By: T.B. (Nova24TV)
Taking from the pockets of taxpayers and distributing among certain groups is the top priority of the current government. As we know, retirees are the last on their list, while the first are non-governmental organisations (NGOs), to which the government will distribute a whopping 600,000 euros once again. The Ministry of Culture has recently announced a (rather creative) public tender, specifically “to strengthen the supportive environment in culture, which will support the implementation of support projects in 2024 and 2025.”
The Ministry of Culture has announced a public tender, for which they have come up with a “rather creative title”. It seems that they have run out of rational reasons to justify taking money from taxpayers, so they have resorted to a more creative approach. The public tender is intended for “strengthening the supportive environment in culture, which will support the implementation of support projects in 2024 and 2025”. The tender is open until October 9th, 2023, and selected applicants will receive a total of 600,000 euros over two years from the Ministry of Culture.
Golob’s government continues to reward NGOs, this time through a public tender for a purpose that seems far from sensible and understandable, especially considering what is most glaring at this moment. Golob’s government is introducing solidarity Saturdays, which are essentially a new tax. They are looking for ways to impose new taxes and indirectly demanding that people cover the costs of flood damage and recovery, while simultaneously announcing a tender worth 600,000 euros, which will (once again) be allocated to NGOs.
There is enough money; it is just going into different pockets
On the Ministry of Culture’s website, it is stated that the “tender addresses the long-standing needs of the cultural sector for systematic development of the support environment. In this sense, it is an upgrade of this year’s pilot tender”. They explained that the tender is divided into four categories and that “according to the Law on Non-Governmental Organisations, thematic networks have the option to apply”. It is also worth noting that “the tender allows for up to 100% co-financing of projects”, which suggests that there is enough money available – for NGOs.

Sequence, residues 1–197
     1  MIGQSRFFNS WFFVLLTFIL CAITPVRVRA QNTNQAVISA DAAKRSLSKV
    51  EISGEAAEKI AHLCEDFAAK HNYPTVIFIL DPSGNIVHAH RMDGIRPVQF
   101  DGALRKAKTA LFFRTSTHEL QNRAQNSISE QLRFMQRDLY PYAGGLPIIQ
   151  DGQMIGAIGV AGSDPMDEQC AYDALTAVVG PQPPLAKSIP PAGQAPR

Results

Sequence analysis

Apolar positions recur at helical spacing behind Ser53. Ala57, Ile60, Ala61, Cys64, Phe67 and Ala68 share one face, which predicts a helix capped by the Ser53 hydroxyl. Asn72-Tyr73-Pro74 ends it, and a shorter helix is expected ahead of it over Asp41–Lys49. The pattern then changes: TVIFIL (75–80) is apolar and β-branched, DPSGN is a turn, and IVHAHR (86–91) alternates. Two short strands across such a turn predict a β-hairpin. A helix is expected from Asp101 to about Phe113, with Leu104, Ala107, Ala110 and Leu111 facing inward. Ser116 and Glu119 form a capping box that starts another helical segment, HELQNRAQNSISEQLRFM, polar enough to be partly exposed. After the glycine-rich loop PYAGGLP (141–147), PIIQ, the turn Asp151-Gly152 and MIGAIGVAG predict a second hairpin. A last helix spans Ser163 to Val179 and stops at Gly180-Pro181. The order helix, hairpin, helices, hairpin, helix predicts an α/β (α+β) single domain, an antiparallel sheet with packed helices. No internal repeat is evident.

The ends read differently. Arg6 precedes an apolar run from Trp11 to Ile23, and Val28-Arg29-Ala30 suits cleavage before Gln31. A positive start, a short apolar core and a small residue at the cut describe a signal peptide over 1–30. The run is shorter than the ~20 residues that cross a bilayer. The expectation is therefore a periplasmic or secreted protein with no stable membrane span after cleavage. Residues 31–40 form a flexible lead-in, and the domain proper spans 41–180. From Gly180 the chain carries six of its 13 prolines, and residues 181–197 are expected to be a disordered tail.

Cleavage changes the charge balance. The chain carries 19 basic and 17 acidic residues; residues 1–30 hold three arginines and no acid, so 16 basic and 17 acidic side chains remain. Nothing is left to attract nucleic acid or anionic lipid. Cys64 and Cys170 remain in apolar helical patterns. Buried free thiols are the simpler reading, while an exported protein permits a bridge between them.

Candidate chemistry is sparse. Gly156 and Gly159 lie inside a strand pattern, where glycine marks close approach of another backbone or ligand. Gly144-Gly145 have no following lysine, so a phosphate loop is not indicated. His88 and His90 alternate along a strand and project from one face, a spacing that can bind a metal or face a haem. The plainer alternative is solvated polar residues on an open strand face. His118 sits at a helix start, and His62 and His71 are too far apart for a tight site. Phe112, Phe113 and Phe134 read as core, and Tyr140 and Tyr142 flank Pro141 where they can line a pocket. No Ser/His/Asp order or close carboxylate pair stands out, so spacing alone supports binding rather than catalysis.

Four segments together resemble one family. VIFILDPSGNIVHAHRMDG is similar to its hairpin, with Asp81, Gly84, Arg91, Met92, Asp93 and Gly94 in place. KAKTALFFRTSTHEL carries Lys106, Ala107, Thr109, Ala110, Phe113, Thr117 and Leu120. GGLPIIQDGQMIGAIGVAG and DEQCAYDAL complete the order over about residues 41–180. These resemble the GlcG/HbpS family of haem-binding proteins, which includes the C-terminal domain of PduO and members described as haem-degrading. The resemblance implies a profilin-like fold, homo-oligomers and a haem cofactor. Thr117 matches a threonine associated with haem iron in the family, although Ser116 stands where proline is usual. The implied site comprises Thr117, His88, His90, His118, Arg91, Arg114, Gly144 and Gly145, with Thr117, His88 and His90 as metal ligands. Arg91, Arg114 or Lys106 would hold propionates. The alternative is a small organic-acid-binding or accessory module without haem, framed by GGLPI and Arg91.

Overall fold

The mentioned tender is truly illogical and goes against all common sense, as highlighted by opposition leader Janez Janša with his statement “Is the Republic of Slovenia serious?”
Reactions to the distribution of money to specific NGOs on social media are extremely negative, and people are losing patience with how Golob’s government is handling their money. One user commented on Twitter, “Do not forget that the minister of this department is Asta Vrečko. She is the new coordinator of @strankalevica… This is how they perceive ‘cutting’ budget funds for people affected by floods… @LukaMesec says on @TarcaRTVSLO that there is no money… #wasters.” Another user’s comment was, “What the fuck??? Can you not wait with these unnecessary projects until the flood aftermath is taken care of???” The absurdity and lack of sense in the description of the tender is evident from the fact that one Twitter user made a joke about it: “Support projects for the supportive environment for the implementation of supportive projects to support supporters….”
This is not the first “creative” tender for allocating funds to NGO
The mentioned tender is just another in a series of ways to distribute money among NGOs. Let’s recall a tender from March, when the Ministry of Public Administration announced a public tender to strengthen active citizenship rights and empower NGOs because, according to their statement on the government portal, NGOs were the most affected during the pandemic. The value of the allocated funds for that tender was a staggering 10,645,000 euros. They claimed that the reason for creating that public tender was “undemocratic practices during the COVID-19 pandemic, and the purpose of the tender was to empower citizens with knowledge and competencies to prevent such practices from happening again”. Of course, they want to portray NGOs as victims of the previous government – “victims” who, unlike the working population, had time to protest in the streets during working hours while others were actually earning their money.